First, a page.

I’d have to say that board design lends itself to shorts and solder bridges. That might be the problem right there, a solder bridge under a component. I see a couple places where it could happen super easy…

    Get rid of the giant metal plate that is surrounding just about everything. If you need shielding, get it from the encolsure and/or seperate the parts that need shielding from each other.

  2. Rog says:

    Order samples from Atmel to replace the parts.
    There’s no reason to be buying parts in quantities of one or two.

  3. Garrett says:

    Nothing wrong with a ground plane…if you have solder mask. I’m in agreement regarding the likelihood of solder bridges.

    Solder masked and silkscreened boards are so cheap and easy to get these days. In the month since that schematic was drawn, a professional quality PCB could have been ordered and all the parts soldered to it. Right now, there is still enough time…though not much testing could be done before the Faire.

    Additionally, all of those MOSFETs need pulldown resistors on their gates.

  4. Jared says:

    Thanks to Nick for getting me some help from the MAKE community, and to those who’ve responded so far.

    I want to offer a bit more detail about the situation. Rob commented that the board design poses a great risk of shorts and solder bridges. I couldn’t agree more. I chose to use a prototyping service that did not provide any sort of solder mask, as an attempt to lower my prototyping costs for future projects. As part of the experiment, I used techniques I’m expecting to rely on for future projects (high-speed digital design requiring surface-mount devices and large copper areas of power supply and ground signals). This particular board certainly doesn’t require those large areas of copper. But I went into this design knowing that the potential for shorts existed. I took great care in assembling the board incrementally, and testing for continuity and checking for shorts. All three boards I assembled tested well before I plugged them in.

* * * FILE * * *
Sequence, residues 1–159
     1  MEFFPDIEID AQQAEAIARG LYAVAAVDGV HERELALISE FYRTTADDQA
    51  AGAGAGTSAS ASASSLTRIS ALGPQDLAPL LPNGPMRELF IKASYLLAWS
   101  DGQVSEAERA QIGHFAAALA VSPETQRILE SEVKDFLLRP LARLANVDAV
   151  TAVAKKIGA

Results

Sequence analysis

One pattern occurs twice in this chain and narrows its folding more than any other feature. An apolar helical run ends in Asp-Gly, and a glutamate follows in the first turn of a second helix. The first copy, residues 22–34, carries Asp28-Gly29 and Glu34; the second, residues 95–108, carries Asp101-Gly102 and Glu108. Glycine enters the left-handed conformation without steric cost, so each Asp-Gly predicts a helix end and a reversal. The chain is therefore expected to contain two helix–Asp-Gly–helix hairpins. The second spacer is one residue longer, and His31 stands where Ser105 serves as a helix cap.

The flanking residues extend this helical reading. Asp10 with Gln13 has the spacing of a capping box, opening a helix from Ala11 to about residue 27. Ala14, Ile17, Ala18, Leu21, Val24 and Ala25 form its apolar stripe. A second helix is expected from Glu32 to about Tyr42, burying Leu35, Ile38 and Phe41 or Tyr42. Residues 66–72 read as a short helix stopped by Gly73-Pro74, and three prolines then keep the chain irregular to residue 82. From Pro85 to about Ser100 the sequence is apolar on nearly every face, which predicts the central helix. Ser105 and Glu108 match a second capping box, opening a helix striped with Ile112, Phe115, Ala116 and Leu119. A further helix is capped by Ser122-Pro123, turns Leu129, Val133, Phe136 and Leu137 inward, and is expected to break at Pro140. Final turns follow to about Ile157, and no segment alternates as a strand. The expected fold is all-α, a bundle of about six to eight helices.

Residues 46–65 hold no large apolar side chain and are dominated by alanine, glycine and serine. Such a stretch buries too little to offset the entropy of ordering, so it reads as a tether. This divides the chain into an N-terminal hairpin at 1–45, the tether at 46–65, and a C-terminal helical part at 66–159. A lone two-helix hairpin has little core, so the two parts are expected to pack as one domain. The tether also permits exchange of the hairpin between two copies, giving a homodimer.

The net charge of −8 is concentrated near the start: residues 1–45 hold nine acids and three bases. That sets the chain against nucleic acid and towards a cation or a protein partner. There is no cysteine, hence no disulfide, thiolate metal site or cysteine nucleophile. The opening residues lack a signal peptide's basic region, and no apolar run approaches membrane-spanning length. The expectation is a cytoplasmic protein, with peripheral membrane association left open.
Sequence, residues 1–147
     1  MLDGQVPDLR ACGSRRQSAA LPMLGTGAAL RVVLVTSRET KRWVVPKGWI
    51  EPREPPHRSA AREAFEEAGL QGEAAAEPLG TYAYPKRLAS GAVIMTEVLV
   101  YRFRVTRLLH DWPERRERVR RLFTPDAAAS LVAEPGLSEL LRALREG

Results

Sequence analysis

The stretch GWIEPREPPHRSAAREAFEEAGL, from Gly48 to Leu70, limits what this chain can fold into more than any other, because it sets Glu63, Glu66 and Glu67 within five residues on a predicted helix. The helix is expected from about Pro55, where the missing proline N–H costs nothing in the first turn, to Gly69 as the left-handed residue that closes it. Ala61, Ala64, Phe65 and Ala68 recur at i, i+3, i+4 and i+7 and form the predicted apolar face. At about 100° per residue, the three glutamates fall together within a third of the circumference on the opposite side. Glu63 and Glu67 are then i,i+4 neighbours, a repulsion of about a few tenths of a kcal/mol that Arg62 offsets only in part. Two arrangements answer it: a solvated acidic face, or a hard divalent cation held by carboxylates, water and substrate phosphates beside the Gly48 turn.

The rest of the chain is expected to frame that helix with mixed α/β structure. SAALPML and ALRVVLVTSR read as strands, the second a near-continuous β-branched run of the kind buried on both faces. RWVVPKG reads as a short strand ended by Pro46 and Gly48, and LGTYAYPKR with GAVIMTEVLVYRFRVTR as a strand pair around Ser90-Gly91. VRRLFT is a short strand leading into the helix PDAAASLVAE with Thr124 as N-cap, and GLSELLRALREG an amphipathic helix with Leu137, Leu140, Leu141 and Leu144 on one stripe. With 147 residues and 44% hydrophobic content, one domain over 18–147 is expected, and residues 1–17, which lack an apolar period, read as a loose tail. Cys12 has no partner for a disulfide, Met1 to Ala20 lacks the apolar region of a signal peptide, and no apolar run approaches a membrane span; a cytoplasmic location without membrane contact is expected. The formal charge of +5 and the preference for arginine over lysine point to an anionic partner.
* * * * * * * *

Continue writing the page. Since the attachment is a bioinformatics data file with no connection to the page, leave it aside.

I mentioned that I was assembling the boards incrementally. Since the AT90USB1287 comes with a USB bootloader built in, I built up each board to the extent that it would operate over USB — no more. All other components were left off the board. So 90% of the board was inactive and effectively irrelevant. I could be confident of this since I tested for shorts in the portions of the circuit that would be active for the initial USB-only test.